My kids aren’t little anymore– my younger child will be a teen in 3 months, so I’m no longer doing the snow suit dance in which you get both kids in all the layers and then someone has to use the bathroom. They listen to music that consists of lots of breathless men playing the ukulele and I long for some Elton John or Aretha or even Queen.  We’re not going on “hikes” in the neighborhood anymore to collect leaves in our buckets to make into pretty pictures. We still pick apples most years, but really fall has become the backdrop of a busy back-to-school season, with dances and sleep-overs, homework, soccer practices and games and lots of scheduling and logistics. We don’t have anyone dressed as superheroes with capes anymore, but my son did volunteer to go to a diversity conference today so that his classmates would know that white guys care about diversity too. My daughter no longer dresses as princess who can change bad to good with her wand, but she helped a woman this fall who had collapsed by the road. She didn’t have a wand, but she had her cell phone and called 911, waiting until the EMT arrived.

This holiday season I want things to be different for me.  I will not rush or overspend or eat until I’m stuffed. Instead, I will try to be present and more moderate, to spend time enjoying the season, to take my time. It’s not easy to do, but a great start is gratitude, remembering that most of us are not escaping war-torn countries, many of us have enough to eat and a place to sleep, and some of us have work that makes us happy.  Today I went to the mall with my family to do some evening shopping and realized how easy it is to pull away from gratitude when you are surrounded by excess– store after store with beautiful things to look at and buy and own. It takes really presence not to get sucked into believing that you will be happier if you own all the shiny objects that are for sale. I tried a few things on in a horrible dressing room with unflattering light and three- way mirrors. It’s a wonder that I bought anything and left feeling at all good about myself in that light and with those angles.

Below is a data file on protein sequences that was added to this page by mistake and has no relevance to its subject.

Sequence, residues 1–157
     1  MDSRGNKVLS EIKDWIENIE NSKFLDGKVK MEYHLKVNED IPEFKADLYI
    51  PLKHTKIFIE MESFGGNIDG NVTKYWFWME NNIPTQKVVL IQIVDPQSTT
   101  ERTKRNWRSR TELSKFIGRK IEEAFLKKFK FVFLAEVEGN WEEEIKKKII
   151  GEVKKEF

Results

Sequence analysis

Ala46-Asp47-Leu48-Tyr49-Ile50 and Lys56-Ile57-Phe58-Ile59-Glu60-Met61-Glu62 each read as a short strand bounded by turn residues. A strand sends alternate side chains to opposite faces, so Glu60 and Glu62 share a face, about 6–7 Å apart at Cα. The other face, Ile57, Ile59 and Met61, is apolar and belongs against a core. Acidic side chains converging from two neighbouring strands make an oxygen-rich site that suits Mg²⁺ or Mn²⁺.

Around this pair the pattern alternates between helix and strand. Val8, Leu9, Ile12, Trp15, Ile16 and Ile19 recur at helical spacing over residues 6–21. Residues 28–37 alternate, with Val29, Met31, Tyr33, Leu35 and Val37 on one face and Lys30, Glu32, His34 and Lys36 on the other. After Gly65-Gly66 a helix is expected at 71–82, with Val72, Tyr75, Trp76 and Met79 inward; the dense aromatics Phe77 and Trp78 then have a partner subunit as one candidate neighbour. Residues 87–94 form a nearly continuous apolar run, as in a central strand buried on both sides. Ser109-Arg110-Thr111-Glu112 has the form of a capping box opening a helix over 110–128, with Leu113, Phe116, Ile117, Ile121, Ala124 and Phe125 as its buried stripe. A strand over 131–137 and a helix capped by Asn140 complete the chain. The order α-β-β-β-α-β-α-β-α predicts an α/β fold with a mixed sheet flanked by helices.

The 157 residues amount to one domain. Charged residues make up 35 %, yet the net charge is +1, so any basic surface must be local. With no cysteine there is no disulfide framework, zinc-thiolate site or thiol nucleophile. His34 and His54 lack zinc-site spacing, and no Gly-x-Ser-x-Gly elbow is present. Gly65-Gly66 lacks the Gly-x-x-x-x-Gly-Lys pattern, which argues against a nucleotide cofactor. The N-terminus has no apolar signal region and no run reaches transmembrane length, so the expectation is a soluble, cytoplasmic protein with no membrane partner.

When my kids were little, we used to spend time in the car talking about what we were grateful for. My kids came up with the most wonderful ideas. Here is an excerpt from a Christmas letter that I came across recently, describing the year when my kids were 4 and 2: “Will talks so constantly that Isabel can’t get a word in edgewise. He also loves to shout, “thank you, God!” whenever we’re driving. When we ask what they are grateful for, Isabel tends to be practical, mentioning her house and her friends. Will is more specific—“I’m grateful for blackberries, rocks and gourds. And peaches and mouths.”

So this holiday season, remember that a big part of finding your world stage, is realizing the parts of it that you already have. Let us be grateful for our own version of “peaches and mouths” and shine a light on a world that so needs our joy and our peace.

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In Praise of Soldiers

Last fall my son was asked to sing the 6th grade solo in which he sings from the perspective of a boy soldier in World War I: “My name is Francis Toliver/ I come from Liverpool/ Two years ago the war was waiting for me after school. To Belgium and to Flanders/to Germany to here/I fought for King and country I love dear.” The song called “Christmas in the Trenches” relates the events that happened the first Christmas during the Great War, when both sides stopped fighting for a brief period, left their trenches and met their enemies unarmed, trading chocolates and cigarettes, and showing photographs of back home. They sang and played instruments and even exchanged a game of football. Once daylight returned, however, the men went back to war. I worked with my son as he prepared to inhabit this character to have him understand what it must have been like to be just a teenage boy not much older than he is, stuck in the trenches, cold and muddy and wishing for a real Christmas. That one night of rest from fighting must have been magical.